Kirsty McHugh, the chief executive of Employment Related Services Association, the representative body for the employment support sector, also called for an overhaul including the introduction of an “early warning” system which could be used at first offence rather than imposing a sanction. She added frontline employment providers of the work programme should be given more discretion about when they should report jobseekers to Jobcentre Plus for potential sanctioning.
She also called for greater clarity across the system about which jobseekers are classed as “vulnerable” and should be exempt from sanctions.
McHugh said “For a minority of people, receiving a sanction can be the wake up call they need to help them move into work. However, for the vast majority of jobseekers, sanctions are more likely to hinder their journey into employment.”
> Yeah… that’s what we’ve been telling you for the past few years. So nice you’re catching up, but for some people its all too late.
Source – Welfare Weekly, 08 Jan 2015
Former Tory MP Edwina Currie, has once again caused fury after criticising the work of food banks, arguing that they end up making people poorer and put local shops out of business.
Writing for The Spectator’s Coffee House blog, she claims that the Trussell Trust is “having a field day”, as they do they not own a “single food bank” preferring to “merely advise” other organisations – the Trussell Trust operates over 400 food banks nationwide – citing the “170 per cent increase in people using food banks” in the previous 12 months.
Edwina Currie argues that “anyone with their wits about them can grasp” that the more food banks there are supplying free food, the more “takers” they will have queuing at the door.
> After all, that’s the world as it appears to Tory MPs (even ex- ones). Grab anything that’s going – expenses anyone ? Here, take as much as you can carry…
In addition, she claims that as the use of food banks is equated to a rise in poverty, “well-meaning groups” are using the data as a stick to “beat the government” with. However, in their bid to “do something to help” they “may be perpetuating the problems that brought people to their doorstep in the first place”.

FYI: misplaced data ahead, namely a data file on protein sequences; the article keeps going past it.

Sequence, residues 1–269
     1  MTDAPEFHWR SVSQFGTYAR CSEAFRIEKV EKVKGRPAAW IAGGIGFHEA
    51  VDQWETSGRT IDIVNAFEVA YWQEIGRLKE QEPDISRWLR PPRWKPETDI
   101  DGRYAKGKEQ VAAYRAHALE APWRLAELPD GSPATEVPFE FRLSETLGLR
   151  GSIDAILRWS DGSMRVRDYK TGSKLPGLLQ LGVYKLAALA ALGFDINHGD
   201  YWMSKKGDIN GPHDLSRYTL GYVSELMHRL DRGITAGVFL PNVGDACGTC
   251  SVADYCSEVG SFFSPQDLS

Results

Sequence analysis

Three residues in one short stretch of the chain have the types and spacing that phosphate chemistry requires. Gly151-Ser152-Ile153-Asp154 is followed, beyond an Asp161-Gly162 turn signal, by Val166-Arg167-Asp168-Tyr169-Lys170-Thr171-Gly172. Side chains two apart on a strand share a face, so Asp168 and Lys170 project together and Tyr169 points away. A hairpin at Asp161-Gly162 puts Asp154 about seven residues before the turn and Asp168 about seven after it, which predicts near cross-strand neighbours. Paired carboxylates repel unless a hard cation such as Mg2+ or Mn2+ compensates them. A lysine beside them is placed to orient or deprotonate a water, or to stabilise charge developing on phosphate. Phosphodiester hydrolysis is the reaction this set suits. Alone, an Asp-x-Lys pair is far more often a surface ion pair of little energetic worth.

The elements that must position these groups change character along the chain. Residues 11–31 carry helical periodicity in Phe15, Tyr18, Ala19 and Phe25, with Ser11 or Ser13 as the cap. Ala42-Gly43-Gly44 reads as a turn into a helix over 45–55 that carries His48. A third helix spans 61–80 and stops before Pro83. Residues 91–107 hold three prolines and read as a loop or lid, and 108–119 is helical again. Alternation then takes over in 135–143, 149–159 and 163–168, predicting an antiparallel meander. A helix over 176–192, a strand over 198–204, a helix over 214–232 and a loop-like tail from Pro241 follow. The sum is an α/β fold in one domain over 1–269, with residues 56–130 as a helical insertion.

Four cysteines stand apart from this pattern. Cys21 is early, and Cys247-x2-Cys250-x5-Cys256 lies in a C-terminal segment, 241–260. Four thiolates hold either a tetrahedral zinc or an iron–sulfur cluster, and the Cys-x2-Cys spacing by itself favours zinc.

> Presumably by “ perpetuating the problems that brought people to their doorstep in the first place” she means by helping people to stay alive. If they were allowed to starve to death, they wouldn’t need food, would they ?
In her opinion there are three categories of people who use food banks:
1. People with long-term issues, such as addiction, alcoholism and mental illness
This category will struggle whether there was prosperity or recession she says, adding that services for them are frequently atrocious, with long waiting lists . Rather than acknowledge that it may be NHS funding that is the problem, she blames Councils saying she “despairs” when they divert money from health programmes to food banks, adding that it is a “dereliction of duty”. Using Manchester as an example, she say’s the £240,000 they have spent on food banks would be better spent on addiction clinics.
2. People with short-term problems, such as debt, or late benefit payments
Mrs Currie argues that despite food bank operators claiming it is for “emergencies only”, they continually help the “same faces” coming to claim their “free tin of soup”. She cites how Canada made the same claim “over 25 years ago” and that there is now a lot of “soul-searching about their role in maintaining people in a hand-to-mouth existence instead of confronting failure and helping them change course”.